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Sarah explains how and why she became an instructor

Charlotte Berrystone19 Sep 2019 Posted in: FTA, become a pilot, instructor, flight instructor, why be a pilot, interview

Ibiza DJ - turned commercial pilot Sarah is one of FTA's longest serving employees. Sarah has worked at FTA as an instructor since the beginning where she is popular with all students and staff. She took time from her busy schedule to share her advice for those considering the career.

The journey to becoming a flight instructor 

Growing up, I always knew I wanted to be a pilot. From a young age, my uncle Teddie told stories of his flying during WW2 and I was mesmerised. At the time it wasn’t an obvious career choice for a female, plus it seemed out of reach financially, but I knew I had to make it happen. I decided to continue my education after school and went on to obtain a mathematics honours degree at Portsmouth University. At this time flying was very much on the back burner, but it remained an interest of mine which I wasn’t prepared to shelf. 

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Career path

After finishing university, I began to DJ which resulted in myself traveling up and down the country. This eventually resulted in traveling to Europe and worldwide for further work. It was during my time as a DJ that I decided to make a start on my PPL here at Brighton City Airport. Working mainly on weekends allowed me time in the week to study and fly whilst financing the course with the money I saved.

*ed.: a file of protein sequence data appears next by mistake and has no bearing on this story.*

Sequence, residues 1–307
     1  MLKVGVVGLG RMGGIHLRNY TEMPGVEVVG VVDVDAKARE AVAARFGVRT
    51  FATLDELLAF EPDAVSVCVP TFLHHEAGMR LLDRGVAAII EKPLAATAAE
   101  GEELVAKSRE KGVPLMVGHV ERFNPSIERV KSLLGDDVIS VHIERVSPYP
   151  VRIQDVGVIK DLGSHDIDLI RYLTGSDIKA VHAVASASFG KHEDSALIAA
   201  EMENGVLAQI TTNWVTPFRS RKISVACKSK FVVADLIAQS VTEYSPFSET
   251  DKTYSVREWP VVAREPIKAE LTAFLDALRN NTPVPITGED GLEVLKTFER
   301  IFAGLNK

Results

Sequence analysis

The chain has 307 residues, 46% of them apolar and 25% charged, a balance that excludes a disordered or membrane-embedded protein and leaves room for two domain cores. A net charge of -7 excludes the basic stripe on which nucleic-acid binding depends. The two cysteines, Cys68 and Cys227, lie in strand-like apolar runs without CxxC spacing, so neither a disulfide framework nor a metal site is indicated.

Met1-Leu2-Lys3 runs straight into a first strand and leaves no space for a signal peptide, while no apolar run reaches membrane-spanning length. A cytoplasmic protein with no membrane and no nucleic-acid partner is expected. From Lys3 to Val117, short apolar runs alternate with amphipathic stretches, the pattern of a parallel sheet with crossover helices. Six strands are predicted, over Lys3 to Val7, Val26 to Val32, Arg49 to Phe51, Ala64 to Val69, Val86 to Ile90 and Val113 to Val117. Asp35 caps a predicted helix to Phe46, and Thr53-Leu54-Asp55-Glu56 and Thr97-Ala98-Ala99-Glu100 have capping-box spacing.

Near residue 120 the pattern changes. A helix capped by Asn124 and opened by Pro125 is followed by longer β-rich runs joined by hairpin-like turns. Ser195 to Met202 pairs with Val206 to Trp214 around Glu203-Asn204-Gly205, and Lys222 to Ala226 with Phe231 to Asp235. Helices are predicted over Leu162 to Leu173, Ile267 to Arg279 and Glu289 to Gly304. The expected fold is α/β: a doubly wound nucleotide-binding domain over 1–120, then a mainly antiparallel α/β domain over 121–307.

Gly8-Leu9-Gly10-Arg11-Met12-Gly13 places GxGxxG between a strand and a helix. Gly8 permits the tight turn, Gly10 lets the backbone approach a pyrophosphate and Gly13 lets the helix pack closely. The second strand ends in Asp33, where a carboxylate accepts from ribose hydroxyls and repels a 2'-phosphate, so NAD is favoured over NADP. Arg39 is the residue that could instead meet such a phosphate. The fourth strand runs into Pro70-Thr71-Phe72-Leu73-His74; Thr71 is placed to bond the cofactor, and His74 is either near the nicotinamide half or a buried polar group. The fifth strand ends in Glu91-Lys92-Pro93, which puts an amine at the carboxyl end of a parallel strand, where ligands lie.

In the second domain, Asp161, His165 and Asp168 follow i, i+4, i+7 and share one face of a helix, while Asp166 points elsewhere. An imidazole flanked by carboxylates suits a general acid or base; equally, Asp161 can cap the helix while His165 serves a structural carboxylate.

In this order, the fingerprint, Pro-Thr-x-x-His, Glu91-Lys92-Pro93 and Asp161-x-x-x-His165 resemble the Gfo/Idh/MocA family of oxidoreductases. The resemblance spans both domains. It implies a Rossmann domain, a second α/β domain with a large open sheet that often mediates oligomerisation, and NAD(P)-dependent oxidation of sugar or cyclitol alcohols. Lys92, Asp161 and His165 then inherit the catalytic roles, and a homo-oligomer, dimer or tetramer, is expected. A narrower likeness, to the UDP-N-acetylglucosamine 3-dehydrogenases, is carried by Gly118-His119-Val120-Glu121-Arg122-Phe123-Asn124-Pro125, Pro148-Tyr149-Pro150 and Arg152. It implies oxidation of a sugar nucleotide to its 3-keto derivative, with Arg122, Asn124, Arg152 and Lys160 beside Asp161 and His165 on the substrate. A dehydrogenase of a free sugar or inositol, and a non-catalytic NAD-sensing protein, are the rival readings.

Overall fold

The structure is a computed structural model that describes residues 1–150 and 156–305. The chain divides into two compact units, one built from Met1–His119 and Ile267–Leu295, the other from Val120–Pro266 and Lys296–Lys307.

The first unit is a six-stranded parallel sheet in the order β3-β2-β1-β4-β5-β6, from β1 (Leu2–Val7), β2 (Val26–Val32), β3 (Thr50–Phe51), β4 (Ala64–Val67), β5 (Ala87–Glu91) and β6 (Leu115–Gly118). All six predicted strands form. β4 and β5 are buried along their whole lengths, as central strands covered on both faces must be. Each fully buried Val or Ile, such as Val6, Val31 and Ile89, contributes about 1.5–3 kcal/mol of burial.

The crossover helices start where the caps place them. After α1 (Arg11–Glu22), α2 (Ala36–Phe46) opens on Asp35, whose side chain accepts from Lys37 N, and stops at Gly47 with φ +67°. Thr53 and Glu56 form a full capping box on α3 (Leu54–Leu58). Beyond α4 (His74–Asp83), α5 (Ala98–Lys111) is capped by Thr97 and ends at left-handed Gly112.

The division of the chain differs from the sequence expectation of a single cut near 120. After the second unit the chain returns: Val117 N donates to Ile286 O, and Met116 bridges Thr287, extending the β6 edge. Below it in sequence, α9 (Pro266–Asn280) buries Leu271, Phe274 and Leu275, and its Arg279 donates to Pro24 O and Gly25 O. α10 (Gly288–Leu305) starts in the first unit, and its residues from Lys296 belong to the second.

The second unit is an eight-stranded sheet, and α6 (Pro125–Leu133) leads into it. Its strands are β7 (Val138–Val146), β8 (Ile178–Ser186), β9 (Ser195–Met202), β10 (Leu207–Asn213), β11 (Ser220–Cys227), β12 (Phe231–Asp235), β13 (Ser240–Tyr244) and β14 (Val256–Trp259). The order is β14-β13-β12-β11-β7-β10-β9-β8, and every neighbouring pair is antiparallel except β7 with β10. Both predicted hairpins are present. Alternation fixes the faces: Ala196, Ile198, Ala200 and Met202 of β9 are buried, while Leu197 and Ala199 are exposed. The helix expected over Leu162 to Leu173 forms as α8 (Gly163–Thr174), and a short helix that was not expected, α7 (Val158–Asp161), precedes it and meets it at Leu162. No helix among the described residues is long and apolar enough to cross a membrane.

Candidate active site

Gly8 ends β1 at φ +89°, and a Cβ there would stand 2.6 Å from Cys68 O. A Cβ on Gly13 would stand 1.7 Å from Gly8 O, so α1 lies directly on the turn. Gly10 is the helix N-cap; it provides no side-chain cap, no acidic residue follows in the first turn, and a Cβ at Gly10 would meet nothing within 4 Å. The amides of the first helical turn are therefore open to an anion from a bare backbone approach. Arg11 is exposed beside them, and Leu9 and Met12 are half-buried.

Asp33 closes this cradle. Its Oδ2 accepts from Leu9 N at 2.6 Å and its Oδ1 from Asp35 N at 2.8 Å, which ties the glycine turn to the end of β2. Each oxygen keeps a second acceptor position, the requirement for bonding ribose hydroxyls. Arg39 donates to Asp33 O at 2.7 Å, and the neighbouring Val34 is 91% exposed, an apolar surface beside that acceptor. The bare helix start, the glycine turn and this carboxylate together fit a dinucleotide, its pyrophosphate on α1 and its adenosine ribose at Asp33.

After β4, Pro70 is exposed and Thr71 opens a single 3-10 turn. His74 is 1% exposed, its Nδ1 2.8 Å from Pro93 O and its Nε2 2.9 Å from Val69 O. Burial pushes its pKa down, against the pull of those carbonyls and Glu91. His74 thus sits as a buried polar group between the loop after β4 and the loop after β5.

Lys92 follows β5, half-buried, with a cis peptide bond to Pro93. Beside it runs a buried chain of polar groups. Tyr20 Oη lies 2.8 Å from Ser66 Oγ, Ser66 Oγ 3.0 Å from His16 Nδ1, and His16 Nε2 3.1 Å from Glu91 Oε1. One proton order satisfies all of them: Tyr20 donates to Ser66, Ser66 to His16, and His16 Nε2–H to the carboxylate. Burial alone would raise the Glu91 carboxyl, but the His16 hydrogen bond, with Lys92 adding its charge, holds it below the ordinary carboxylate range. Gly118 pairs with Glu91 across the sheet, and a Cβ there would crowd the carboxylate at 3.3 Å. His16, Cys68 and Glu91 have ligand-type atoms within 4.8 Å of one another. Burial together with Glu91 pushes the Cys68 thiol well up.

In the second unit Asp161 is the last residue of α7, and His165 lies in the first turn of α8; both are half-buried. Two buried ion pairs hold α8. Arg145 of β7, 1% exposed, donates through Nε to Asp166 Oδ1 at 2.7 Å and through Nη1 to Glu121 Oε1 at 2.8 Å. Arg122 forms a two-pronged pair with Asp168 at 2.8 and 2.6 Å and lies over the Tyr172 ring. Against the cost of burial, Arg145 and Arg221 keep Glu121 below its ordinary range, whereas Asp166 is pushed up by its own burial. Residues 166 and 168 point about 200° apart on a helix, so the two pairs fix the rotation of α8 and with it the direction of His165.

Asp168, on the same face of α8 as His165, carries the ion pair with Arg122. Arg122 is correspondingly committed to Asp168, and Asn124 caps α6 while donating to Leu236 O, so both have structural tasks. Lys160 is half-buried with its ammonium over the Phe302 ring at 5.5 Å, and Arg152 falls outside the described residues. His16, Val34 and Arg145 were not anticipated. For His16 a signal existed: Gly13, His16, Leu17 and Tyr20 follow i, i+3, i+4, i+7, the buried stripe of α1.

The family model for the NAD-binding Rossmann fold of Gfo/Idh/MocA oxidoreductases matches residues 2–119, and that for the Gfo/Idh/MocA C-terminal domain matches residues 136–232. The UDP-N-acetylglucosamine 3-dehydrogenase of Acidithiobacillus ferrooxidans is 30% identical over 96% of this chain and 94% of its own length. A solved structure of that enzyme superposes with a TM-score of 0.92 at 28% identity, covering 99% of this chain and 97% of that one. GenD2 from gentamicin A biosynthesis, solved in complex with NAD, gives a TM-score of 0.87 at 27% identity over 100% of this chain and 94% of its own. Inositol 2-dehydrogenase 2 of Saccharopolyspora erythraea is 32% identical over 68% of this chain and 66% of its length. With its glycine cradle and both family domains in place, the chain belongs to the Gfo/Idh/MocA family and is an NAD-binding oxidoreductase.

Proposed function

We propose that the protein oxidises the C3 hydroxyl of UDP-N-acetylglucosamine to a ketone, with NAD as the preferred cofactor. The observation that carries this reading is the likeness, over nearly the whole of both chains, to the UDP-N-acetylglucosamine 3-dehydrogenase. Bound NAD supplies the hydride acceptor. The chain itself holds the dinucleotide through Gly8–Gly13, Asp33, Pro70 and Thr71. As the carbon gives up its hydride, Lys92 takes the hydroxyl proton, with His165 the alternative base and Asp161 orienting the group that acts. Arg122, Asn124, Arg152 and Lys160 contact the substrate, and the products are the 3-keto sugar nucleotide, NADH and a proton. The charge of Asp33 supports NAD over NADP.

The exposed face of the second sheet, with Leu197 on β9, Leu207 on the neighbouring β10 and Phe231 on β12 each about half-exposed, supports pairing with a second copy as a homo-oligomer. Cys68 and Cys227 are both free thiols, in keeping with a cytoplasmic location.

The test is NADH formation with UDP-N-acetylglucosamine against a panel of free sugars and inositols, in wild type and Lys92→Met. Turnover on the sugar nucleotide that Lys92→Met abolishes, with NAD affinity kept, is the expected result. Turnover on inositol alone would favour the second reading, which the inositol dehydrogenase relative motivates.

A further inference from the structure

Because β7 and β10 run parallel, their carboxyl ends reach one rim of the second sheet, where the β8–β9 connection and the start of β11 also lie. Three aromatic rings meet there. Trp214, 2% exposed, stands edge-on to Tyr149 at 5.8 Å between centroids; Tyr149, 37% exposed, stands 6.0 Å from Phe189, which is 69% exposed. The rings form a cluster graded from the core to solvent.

Flying for the first time 

My first ever flight at the controls was a trial lesson in a PA28, which I bought myself for my birthday! It was exhilarating, but terrifying at the same time. I remember I knew I wanted to train to be a pilot as soon as we had started to taxi out.

Initial pilot training

I started my PPL flying the C152 at Sussex Flying Club here at Shoreham. After completion I built up my flying hours by taking friends and family on trips, which meant I got to visit lots of different airfields and travel further afield.

During this time I realised how much I loved to fly and decided that I wanted to make aviation my next career. I looked into all options and decided the modular route was for me to become a commercial pilot.

I had come to the conclusion that the career path for me with my commercial licence was to become an instructor. I have always enjoyed teaching and learning, and both my parents were teachers, so it seemed the most natural path to take.

To gain experience I started working in operations at the flying club called Airbase, with the promise of securing a job as an instructor once I completed training. I completed my Commercial Pilot License (CPL) at Goodwood Flying School, flying the PA28.

sarah parker video

 Sarah's interview for Channel 5 regarding women in aviation

 

Instructor training

My instructor training took place at Goodwood. The school operated Tomahawks, which are 2 seat, low wing trainers and this was a totally new aircraft for me. The first challenge was learning to fly in the right-hand seat, since all previous flying had been from the left. The second challenge was learning to teach whilst flying the plane.